A master to whom a suit in equity challenging the validity of a lease was referred under a rule in the usual form went beyond his proper function in recommending that the lease be cancelled upon the condition that a new lease be given containing provisions deemed equitable by the master. 
Subsidiary findings by a master in a suit in equity justified conclusions that the sole purpose for which a ninety-nine year lease of night club premises had been given by the plaintiff to a corporation intended to operate the enterprise had been to enable the corporation to use the lease as collateral for a loan, that by reason of subordination of the lease to a first mortgage on the premises such purpose could not be accomplished, and that the terms of the lease were inequitable and had been disregarded by the corporation; and the final decree properly ordered the lease cancelled unconditionally. [246-247]
BILL IN EQUITY filed in the Land Court on October 14, 1964.
The suit was referred to a master "to hear the parties and their evidence and report his findings to the court, together with such facts and questions of law as either party may request." The suit was heard by McPartlin, J., on the master's report.
Arthur M. Gilman (David G. Hanrahan with him) for the defendants.
Philip M. Cronin for the plaintiff.
CUTTER, J. Under G. L. c. 185, Section 1 (k), Dowd sought in the Land Court against the corporate defendant (Capetown) and one Nickerson a decree cancelling a ninety-nine year recorded lease by her to Capetown of premises in Barnstable. The case was referred to a master. The facts are stated on the basis of his findings and conclusions.
Dowd was a half owner of Capetown's stock. Nickerson owned the other half of the stock. In 1958, in return for his half interest, Nickerson agreed with Dowd to procure financing of $5,000 at once and $10,000 later to permit rehabilitation of a night club structure on the leased premises. Nickerson paid $5,000 into the corporate bank account. He was to be manager of the night club. He also secured a loan of $10,000 from his brother-in-law, one Kennedy, "secured by a . . . note" executed by Nickerson and Dowd. Kennedy became at most a creditor of Nickerson and Dowd. He sought no interest in Capetown. The proceeds of the note were put in Capetown's bank account. When the night club opened Nickerson operated "the enterprise to suit himself." He "never gave any accounting, no meetings of directors were held, and . . . [he] kept such an irregular set of . . . books that a valid accounting apparently would be impossible." The annual rent payable under the lease was $1 together with the taxes and the interest [Note 1] and principal on a first mortgage to a bank to which the lease was subordinated. The tax and mortgage payments were not made by Capetown. Dowd was obliged to advance $10,115.74 to avoid foreclosure of the mortgage.
The master reached the following conclusions, among others. (1) The lease was arranged for the limited purpose of providing collateral for a loan for the benefit of Capetown. That purpose never was accomplished. The subordination of the lease to the first mortgage "defeated any further attempt by . . . Capetown to raise money with the lease as collateral." (2) The rent of $1 plus the mortgage payments, taxes, and insurance was not "equitable." (3) The lease is no longer important to "this situation." Its terms have not been observed. Capetown ceased to make payments of taxes and amounts due on the mortgage. Capetown was "apparently willing to stand by and see" foreclosure of the mortgage wipe out the lease. (4) Title to the leased premises should be cleared of the lease, "a technical encumbrance (a cloud)," upon the condition that Dowd give a new, shorter term lease to Capetown with provisions specified by the master as, in his opinion, equitable.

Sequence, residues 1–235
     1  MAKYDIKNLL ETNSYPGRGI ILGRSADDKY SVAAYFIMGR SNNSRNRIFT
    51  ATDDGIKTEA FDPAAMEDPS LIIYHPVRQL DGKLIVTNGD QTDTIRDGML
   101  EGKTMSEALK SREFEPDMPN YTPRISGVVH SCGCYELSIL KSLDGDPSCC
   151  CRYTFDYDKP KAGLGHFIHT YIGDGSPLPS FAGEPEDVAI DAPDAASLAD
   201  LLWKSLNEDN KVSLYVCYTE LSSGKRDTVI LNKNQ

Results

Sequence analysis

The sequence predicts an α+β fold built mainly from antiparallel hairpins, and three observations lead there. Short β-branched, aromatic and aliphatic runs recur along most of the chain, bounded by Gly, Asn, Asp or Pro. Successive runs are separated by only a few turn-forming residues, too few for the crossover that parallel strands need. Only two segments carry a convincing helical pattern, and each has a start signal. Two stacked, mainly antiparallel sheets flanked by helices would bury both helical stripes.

The Land Court judge allowed Dowd's motion to strike from the report the recommendation that relief be upon the condition that Dowd give Capetown a new lease. With this portion struck out, the report was confirmed.
A final decree ordered the lease cancelled. Capetown and Nickerson appealed.
1. The master in suggesting conditional relief went beyond the matters referred to him. His duty was to find the facts bearing upon the validity of the lease. His rulings or suggestions concerning what would be a proper decree were outside the scope of his duty. See Sprague v. Rust Master Chem. Corp. 320 Mass. 668 , 677; Aurea Aspasia Corp. v. Crosby, 331 Mass. 515 , 518. See also Kent v. Pallatroni, 336 Mass. 640 , 648. The judge properly allowed the motion to strike from the report the unauthorized recommendations concerning the conditions which the master thought should be imposed on relief.
2. The final decree was correct upon the basis of the facts properly found by the master, viz. that the lease was given for a limited purpose which could not be accomplished, and that the terms of the lease were inequitable. The master's
subsidiary findings justify these conclusions. It is plain from the master's report that the lease cannot now assist achievement of the sole purpose of its creation. Its terms have been disregarded by Capetown. Dowd, as owner of the leased premises (found by the master to be worth $80,000), is now entitled to have the lease, a cloud upon her title, cancelled. We perceive nothing in the record requiring that, for the protection of either Capetown or Nickerson, the relief now sought be made conditional in any respect.
Decree affirmed with costs of appeal.
[Note 1] The master's report leaves uncertain whether there was also an arrangement to pay for insurance.